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How to confront COVID-19’s cost to girls

If we have to prioritise one thing after a difficult year, let it be a stronger focus on girls.

Louise O'Brien/TNH

No one comes out of a crisis without being changed in some way, and this pandemic is a crisis on a scale we have rarely seen: It has put years of progress in human development at stake; inequity is at its worst.

If we have to prioritise one thing, it should be ensuring that girls don’t go back to despair, teenage motherhood, and premature death. Girls must have the chance to flourish and pursue a bright future in spite of COVID-19.

Girls are profoundly impacted by the pandemic in multiple ways: by the economic effects on their families and the resulting food insecurity, by the increase in domestic violence and child marriage, or by the closing of schools, among other factors.

In Bangladesh, for instance, research by the Power and Participation Research Centre and the BRAC Institute of Governance and Development shows that COVID-19 is creating millions of “new poor” – people whose income was 40 percent above the poverty line but have fallen below it as economies are disrupted. A recent study by the Centre for Research and Information, a Dhaka-based non-profit, estimates that the “new poor” now totals 38 million – roughly one in five Bangladeshis.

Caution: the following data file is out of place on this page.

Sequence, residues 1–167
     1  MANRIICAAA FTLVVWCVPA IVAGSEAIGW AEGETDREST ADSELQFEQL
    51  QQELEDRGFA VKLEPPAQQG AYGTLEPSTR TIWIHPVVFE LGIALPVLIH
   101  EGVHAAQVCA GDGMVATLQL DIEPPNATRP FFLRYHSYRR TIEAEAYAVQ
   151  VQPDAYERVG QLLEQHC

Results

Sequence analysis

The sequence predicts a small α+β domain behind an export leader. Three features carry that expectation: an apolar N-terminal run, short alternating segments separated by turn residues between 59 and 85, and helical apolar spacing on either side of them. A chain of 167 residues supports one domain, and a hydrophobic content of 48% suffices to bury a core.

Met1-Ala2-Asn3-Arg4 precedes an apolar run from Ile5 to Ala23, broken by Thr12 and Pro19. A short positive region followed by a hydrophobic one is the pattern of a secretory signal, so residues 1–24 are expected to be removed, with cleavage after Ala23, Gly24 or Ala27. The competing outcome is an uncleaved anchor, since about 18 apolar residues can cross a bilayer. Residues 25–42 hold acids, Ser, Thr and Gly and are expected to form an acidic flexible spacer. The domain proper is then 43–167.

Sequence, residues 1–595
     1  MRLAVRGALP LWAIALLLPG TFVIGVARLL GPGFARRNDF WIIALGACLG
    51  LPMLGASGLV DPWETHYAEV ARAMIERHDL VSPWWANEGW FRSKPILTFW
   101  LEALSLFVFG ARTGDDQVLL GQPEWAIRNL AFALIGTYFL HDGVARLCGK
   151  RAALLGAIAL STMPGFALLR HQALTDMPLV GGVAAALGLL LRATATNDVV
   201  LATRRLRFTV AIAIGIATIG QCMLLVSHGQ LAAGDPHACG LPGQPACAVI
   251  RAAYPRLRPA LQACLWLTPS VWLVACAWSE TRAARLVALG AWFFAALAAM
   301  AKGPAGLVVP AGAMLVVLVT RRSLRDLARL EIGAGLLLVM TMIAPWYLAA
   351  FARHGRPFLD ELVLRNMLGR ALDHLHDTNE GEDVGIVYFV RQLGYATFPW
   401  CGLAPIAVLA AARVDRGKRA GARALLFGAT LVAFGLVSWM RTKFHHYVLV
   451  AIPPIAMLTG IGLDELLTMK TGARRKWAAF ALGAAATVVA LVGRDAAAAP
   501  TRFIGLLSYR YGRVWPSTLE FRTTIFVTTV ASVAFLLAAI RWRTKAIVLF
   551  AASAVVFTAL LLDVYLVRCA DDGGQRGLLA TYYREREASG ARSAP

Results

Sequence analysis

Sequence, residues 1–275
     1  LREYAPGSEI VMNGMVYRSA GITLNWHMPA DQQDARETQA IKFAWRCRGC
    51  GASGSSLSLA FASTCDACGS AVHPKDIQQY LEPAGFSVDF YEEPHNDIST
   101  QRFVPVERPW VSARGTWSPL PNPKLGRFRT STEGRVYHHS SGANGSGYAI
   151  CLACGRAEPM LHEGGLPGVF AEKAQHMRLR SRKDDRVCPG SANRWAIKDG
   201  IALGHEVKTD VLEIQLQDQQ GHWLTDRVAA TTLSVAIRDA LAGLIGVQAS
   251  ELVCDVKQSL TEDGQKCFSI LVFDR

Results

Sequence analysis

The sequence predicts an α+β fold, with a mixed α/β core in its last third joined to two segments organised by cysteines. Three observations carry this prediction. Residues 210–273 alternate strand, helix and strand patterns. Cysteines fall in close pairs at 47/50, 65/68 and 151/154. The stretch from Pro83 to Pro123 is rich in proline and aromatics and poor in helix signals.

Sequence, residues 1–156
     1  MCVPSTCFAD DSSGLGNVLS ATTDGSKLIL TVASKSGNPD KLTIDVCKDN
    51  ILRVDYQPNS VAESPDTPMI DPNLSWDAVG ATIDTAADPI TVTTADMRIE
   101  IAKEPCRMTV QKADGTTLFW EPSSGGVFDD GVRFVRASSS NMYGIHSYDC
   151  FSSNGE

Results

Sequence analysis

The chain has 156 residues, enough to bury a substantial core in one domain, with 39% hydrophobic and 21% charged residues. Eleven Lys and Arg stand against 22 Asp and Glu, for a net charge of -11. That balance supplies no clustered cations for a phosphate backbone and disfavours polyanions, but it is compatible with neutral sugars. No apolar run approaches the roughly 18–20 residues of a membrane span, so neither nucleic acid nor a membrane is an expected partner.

Similarly, food insecurity is on the rise. Another survey by the BRAC Institute of Governance and Development found that Bangladeshi households are spending less on food as their incomes drop: Compared to pre-pandemic levels, food expenditure shrunk by 22 percent in rural households, and by 28 percent in urban slum households.

On top of this, depression, crime, and addiction are rising among urban youth in the absence of schools, which have been closed in Bangladesh since March. Violence against women, both domestic and outside the home, is growing. A study by the Manusher Jonno Foundation, a Bangladeshi NGO, in 53 of Bangladesh’s 64 districts found nearly 2,900 child victims of domestic violence in June, up from about 2,170 a month earlier.

Yet it is with the closing of schools that the potential damage may be most profound. When schools are closed for months, the loss is more than just the course material that would have been covered: Students forget what they learned before schools closed, and the knowledge that was skipped may never be regained. The consequences for educational inequity can be long-lasting – and all of this assumes that students do not drop out.

Education is integrally tied to the economy. Many students work as private tutors in cities to make ends meet. Today, those options have largely disappeared, and students’ savings are dwindling to nothing. Many private schools have been sold, their teachers left penniless.

In all of this, girls are especially at risk – of being the victims of violence, of being forced into a child marriage, of dropping out of school, of not having the opportunity to pursue their talents and dreams.